Does cache ops potentially have issues with prefetch_related?
Alexander Schepanovski
@Suor
No
Abhishek Menon
@mav-erick
Hey guys. Amazing project! @Suor can i cache serializers if i am using DRF using cache ops?
Abhishek Menon
@mav-erick
I am running a multitenant application using Postgres schemas. The schema varies depending on the tenant. Will it cause problems when using this package?
Alexander Schepanovski
@Suor
@mav-erick as long as there are querysets inside it should work. Many people use cacheops with DRF just fine.
If you have the same SQL for different queries you will need to use cache prefix, see https://github.com/Suor/django-cacheops#sharing-redis-instance
Abhishek Menon
@mav-erick
Hi @Suor. Thanks for the info. One final question. Will the cache be invalidated with there are changes in a related model(Foreign keys and stuff) ?
Alexander Schepanovski
@Suor
Will be invalidated for any joined models via conditions. Won't be invalidated if .select_related() object changes. .prefetch_related() creates a separate query for related which is invalidated separately, so you might want to use that if the thing with .select_related() is an issue. See all CAVEATS here https://github.com/Suor/django-cacheops#caveats
Abhishek Menon
@mav-erick
Perfect. Thanks a lot!
Nikita Vilunov
@vilunov
Hiya all! Is it possible to keep the cache of an arbitrary function hot on time invalidation? I am caching some functions and a view. Currently I'm thinking about introducing a periodic celery task which invalidates that cache and fetches the view, but maybe there is a cleaner solution
Alexander Schepanovski
@Suor
Running a function after invalidation possibly via celery .delay() is the way to go. There is no any built in way to do that and there is no way to introspect what function results were just invalidated.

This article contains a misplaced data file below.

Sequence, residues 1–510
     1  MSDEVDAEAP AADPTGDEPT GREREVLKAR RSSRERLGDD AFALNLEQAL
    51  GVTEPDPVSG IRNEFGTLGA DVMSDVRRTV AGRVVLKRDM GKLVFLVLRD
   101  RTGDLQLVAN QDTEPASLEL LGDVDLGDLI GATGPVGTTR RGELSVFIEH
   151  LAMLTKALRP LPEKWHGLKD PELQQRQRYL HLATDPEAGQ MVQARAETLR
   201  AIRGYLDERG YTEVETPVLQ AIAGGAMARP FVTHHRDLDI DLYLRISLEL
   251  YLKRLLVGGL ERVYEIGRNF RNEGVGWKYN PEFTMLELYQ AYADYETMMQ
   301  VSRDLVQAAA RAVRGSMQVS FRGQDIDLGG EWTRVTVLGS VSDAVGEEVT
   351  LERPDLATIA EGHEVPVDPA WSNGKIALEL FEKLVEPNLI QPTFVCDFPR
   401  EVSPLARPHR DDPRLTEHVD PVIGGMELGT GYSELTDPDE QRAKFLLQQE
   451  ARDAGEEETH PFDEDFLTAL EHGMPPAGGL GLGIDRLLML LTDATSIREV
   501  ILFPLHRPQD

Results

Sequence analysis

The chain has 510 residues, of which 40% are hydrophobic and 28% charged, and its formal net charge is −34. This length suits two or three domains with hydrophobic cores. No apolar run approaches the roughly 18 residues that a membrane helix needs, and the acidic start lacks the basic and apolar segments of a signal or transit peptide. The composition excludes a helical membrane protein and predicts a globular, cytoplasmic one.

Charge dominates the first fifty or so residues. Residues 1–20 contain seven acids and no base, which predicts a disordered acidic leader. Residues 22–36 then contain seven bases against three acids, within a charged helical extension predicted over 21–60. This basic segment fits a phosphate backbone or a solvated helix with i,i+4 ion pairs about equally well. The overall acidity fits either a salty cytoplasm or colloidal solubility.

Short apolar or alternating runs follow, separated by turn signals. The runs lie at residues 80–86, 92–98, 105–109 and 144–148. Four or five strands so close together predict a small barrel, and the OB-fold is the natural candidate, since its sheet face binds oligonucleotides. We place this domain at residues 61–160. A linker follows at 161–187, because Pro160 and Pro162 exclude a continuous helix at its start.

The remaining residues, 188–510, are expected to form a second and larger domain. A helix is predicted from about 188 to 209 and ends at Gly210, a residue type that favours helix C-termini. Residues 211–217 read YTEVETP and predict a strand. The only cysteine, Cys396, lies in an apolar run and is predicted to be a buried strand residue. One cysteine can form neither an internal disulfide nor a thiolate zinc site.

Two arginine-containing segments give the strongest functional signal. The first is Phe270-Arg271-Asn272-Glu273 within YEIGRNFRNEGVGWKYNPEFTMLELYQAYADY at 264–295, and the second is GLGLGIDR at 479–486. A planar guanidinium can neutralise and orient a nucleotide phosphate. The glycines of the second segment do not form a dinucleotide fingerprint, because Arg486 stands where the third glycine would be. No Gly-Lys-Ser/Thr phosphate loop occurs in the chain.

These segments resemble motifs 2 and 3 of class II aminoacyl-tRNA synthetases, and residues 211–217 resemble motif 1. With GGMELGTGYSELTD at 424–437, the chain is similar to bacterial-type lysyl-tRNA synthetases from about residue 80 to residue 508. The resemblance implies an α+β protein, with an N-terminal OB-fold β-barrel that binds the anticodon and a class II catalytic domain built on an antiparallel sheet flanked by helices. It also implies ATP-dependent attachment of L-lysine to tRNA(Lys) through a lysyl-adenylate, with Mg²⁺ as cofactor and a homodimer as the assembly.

Alexander Schepanovski
@Suor
You may take a look at cache_invalidated signal if that helps.
BroCheng
@wang-xi
Does anyone konw the icon for django-cacheops?
Sam Buckingham
@BuckinghamIO
Anyone able to shed some light on how I could potentially get Cacheops to fail gracefully but quickly? currently it's incredibly slow if redis goes offline
I've tried overriding the redis class but cacheops makes so many requests that it negates it and I have no way or pushing the other cache hits over to a fallback cache or just turning off cacheops dynamically
It's caused by the timeouts it seems and even a 0.1 second timeout isn't exactly fast
This is in reference to issue #327 FYI
Alexander Schepanovski
@Suor
I don't know why it takes long, you should get connection refused almost immediately
BTW, I am not a big fan of this degrade on failure feature, I sometimes regret that I've added it. Still don't understand how people can use that, if your service is still functional without cache why even use one?
Sam Buckingham
@BuckinghamIO
@Suor Funcy could potentially work, I'll take a look into that and see what I can do. Well when you give cache-ops the incorrect details it fails immediately but if redis is online but not responding it increases page load times to 20 seconds plus... I was hoping to make it so that wasn't so slow.
Your service can be functional without a cache but not as fast as it could be with a cache. Cache's can help make the most of the current resource you have without needing to completely scale out to reach the same performance. @Suor
Sam Buckingham
@BuckinghamIO
You can test our situation by running a django app with cache-ops enabled and redis setup, but opening redis and putting it to sleep using 'debug redis sleep' for a couple minutes and see how the application reacts regardless of graceful enabled/disabled
Alexander Schepanovski
@Suor
I see, I always had application that immediately died without cache, too much load